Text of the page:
Sweet Saba’s Sculptural Confections.

The evolution of Maayan Zilberman’s genre-bending creations.

On May 19, as a New Orleans drum track skittered over party-goers, a row of spotlights flanked the south wall of the atrium at A/D/O, where an assortment of candies encased in clear acrylic jewel boxes glowed atop stacked stainless steel benches. Shaped into watch faces, lipstick tubes, and memory sticks, the candies evoked the assortment of bewildering bric-a-brac one might find themselves confronted with in a forgotten drawer, but rendered in swirling candy colors. Produced by Sweet Saba, the avant-garde candy enterprise of Maayan Zilberman, the party favors’ disorienting combination of the banal and oneiric is only the latest chapter in Zilberman’s career, throughout which she has confounded any medium’s expected form and made a habit of turning attraction inside-out.

Zilberman’s confections have always colored outside of the lines. Trained as a sculptor at SUNY and SVA, she was a cofounder of the conceptual lingerie label Lake & Stars, where her approach was less concerned with achieving “sexy” than it was with being strategically ambiguous. As underwear, she admitted "it had to work." But, she said, "I wanted it most to be thought-provoking." She found that formal concerns—say, fit, fabric, production—became slightly less confining when she, slightly to her surprise, started making cakes. “They were mostly for art exhibits and weddings," she recalled. "The funny thing is that's the only kind of cooking I've ever done. I only ever viewed them as a sculptural challenge."

What unites Zilberman's approach to these widely-varied mediums, apart from a sculptor's eye for texture and volume, is a sort of restless experimentation. The "Saba" in Sweet Saba is Hebrew for grandfather: Zilberman recalls spending time in the kitchen a child, guided by her grandfather not toward the goal of making of some particular useful foodstuff, but rather to see what was possible. Her forays into cakes and candy began from the same place.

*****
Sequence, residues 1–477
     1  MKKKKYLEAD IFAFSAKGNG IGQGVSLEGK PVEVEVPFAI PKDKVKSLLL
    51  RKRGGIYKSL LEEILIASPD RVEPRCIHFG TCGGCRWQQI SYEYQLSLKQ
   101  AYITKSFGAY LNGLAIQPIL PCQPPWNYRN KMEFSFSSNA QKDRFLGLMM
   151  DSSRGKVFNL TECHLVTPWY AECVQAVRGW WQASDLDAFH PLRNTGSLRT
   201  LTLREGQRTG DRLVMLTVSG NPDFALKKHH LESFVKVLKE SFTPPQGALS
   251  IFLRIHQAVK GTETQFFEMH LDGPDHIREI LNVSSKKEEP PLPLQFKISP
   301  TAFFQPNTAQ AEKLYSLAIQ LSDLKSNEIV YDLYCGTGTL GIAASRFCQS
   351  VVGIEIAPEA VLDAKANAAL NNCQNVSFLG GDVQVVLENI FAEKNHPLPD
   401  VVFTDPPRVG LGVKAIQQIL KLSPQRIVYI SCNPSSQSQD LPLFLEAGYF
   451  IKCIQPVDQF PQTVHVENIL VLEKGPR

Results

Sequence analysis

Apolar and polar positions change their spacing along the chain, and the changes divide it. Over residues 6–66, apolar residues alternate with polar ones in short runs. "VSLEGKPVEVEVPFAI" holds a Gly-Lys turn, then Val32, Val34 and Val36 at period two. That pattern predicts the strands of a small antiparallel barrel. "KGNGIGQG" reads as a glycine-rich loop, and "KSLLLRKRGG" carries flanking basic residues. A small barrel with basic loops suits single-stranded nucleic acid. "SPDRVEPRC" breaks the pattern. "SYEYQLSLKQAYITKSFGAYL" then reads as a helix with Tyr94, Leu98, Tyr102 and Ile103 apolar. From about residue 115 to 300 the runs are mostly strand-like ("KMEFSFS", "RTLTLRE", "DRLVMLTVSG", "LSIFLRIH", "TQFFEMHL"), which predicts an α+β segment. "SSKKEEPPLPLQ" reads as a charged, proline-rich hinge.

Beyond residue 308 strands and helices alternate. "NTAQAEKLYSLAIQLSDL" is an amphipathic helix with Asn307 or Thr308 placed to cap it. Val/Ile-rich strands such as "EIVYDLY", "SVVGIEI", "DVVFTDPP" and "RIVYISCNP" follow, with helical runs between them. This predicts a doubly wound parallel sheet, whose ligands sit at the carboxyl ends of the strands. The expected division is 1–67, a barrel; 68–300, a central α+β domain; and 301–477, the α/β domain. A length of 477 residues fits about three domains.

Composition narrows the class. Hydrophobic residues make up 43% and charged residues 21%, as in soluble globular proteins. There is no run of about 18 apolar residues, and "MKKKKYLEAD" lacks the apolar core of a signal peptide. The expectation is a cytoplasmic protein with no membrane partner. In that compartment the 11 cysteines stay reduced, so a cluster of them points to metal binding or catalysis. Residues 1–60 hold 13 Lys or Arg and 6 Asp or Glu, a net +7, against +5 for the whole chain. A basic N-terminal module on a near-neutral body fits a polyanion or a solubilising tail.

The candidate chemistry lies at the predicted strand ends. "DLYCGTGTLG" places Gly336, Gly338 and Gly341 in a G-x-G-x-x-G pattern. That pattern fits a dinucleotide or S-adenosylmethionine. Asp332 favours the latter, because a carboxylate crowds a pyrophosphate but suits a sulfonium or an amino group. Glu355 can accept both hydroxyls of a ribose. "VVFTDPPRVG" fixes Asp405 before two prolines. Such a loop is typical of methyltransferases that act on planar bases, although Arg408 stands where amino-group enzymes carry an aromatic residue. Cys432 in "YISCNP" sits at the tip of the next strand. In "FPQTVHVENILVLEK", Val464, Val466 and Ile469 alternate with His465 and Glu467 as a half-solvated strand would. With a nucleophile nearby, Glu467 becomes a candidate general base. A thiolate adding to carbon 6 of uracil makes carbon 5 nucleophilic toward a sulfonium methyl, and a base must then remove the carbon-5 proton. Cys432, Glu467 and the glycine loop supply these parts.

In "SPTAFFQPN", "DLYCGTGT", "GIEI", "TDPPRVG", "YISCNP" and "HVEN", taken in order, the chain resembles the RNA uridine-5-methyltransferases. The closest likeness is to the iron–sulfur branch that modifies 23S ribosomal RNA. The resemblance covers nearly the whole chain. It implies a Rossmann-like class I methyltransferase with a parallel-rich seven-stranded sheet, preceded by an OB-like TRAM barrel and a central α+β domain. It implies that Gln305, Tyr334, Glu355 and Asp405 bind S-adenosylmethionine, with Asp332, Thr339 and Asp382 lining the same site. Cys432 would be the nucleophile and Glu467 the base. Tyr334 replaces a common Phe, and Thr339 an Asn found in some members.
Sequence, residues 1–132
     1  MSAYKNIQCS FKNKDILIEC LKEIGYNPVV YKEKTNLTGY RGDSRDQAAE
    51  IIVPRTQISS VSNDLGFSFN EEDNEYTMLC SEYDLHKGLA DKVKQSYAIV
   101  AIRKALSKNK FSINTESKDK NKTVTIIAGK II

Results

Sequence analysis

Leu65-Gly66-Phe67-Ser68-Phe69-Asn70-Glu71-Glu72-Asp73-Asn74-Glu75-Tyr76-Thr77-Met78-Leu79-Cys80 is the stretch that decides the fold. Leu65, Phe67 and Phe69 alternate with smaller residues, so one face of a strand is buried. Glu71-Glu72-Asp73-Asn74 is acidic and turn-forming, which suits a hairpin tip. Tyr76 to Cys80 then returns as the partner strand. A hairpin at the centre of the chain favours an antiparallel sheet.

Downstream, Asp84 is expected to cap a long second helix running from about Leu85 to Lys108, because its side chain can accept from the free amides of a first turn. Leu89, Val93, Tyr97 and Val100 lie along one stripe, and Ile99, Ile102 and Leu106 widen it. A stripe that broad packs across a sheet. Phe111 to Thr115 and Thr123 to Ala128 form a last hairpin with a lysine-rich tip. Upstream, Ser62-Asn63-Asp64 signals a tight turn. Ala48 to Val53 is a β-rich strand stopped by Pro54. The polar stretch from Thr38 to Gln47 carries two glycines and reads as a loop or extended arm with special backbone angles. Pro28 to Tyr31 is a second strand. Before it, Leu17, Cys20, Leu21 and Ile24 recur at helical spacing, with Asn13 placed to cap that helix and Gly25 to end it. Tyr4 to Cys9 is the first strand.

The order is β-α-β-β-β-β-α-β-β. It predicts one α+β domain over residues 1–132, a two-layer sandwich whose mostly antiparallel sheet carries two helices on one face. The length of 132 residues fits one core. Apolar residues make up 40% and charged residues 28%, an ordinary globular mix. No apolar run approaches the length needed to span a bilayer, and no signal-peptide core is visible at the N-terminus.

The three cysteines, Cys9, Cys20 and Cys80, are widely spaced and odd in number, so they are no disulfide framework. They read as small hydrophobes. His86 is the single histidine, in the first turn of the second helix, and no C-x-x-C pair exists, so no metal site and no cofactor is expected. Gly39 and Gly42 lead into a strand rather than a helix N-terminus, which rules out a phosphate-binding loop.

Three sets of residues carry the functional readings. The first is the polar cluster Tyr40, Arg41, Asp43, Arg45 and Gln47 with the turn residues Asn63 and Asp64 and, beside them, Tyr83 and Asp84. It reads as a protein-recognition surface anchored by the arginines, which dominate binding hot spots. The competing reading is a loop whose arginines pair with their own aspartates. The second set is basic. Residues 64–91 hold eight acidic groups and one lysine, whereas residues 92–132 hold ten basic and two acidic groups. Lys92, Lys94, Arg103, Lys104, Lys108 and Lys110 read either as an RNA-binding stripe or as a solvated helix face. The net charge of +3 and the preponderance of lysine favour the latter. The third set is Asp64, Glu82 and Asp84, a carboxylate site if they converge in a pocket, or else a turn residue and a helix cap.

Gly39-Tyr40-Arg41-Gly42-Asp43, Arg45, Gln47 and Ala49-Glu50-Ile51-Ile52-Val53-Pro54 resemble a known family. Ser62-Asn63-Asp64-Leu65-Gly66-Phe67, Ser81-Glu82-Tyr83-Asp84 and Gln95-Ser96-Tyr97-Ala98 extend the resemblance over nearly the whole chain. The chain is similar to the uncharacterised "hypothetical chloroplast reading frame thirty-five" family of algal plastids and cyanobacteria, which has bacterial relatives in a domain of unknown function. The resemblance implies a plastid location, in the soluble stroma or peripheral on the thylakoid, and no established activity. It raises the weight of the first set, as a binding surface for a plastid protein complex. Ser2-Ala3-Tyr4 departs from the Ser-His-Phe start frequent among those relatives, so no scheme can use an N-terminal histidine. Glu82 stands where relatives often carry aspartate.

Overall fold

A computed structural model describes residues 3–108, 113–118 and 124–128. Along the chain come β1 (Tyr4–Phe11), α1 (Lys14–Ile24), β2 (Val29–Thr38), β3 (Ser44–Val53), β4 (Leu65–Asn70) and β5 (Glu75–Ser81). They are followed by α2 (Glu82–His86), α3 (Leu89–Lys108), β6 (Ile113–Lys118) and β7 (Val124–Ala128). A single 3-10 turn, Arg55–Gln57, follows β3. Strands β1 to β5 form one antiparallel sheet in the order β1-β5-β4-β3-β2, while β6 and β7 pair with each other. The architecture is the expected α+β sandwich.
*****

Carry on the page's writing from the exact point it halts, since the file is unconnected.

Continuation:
"When I started my candy business I contacted some of the people I met in art school," she recalled. "We talked about mold making, and I met with a 3D-printing artist at MIT, who consulted on the mold making. And I talked to dentists, who taught me how to make molds with food-based products." A food technologist, impressed with the range of shapes, direct-messaged her on Instagram.


Sweet Saba produces oneiric and disorienting edible art out of sugar and heat.
Sweet Saba produces oneiric and disorienting edible art out of sugar and heat.
Sweet Saba produces oneiric and disorienting edible art out of sugar and heat.

"It’s funny, I didn't take any classes — I looked on YouTube,” she laughed. “What's so wonderful about YouTube is that you can take little DIY videos that are two minutes each, and cut and paste them and make them into your own process. And that's what I did: I took anything from a stay-at-home housewife making something in her kitchen to an ironworker, to a dentist making prosthetics—and I chose all different parts of the techniques and I made them into my own."

The pairing of the whimsical with the faintly macabre is not unfamiliar in fashion, but in candy it seems to have stirred unexplored depths. Sweet Saba's candies take unexpected forms, from nostalgia (candy cassette mixtapes) to spiritual iconographies (New Age crystals and crucifixes). The intimacy suggested by hard candy is never entirely absent, either. One wryly titled item offered in her web shop is a "candy bedroom bracelet." In this sense of provocation that gently undermines an intrinsic suggestiveness, Zilberman has mobilized the sensibility she had developed in her past projects — and its mechanics as well.

Images courtesy of Maayan Zilberman and Atisha Paulson.